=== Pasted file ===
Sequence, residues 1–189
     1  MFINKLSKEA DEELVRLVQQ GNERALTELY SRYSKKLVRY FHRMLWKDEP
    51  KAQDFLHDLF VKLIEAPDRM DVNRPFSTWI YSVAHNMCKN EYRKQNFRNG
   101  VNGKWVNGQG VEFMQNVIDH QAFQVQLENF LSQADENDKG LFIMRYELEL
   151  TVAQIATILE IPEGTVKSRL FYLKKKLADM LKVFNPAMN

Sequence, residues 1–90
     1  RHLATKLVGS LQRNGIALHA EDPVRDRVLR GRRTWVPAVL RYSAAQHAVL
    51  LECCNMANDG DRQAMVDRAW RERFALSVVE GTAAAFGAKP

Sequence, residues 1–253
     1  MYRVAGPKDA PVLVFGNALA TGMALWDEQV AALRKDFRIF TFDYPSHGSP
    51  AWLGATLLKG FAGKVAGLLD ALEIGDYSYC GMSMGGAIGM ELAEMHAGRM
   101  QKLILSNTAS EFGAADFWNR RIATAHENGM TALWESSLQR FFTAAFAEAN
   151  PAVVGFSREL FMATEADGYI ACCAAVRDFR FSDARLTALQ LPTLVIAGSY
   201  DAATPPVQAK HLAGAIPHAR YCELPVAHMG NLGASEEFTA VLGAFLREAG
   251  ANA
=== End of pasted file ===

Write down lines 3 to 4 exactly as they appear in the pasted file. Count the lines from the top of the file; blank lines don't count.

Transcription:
    51  KAQDFLHDLF VKLIEAPDRM DVNRPFSTWI YSVAHNMCKN EYRKQNFRNG
   101  VNGKWVNGQG VEFMQNVIDH QAFQVQLENF LSQADENDKG LFIMRYELEL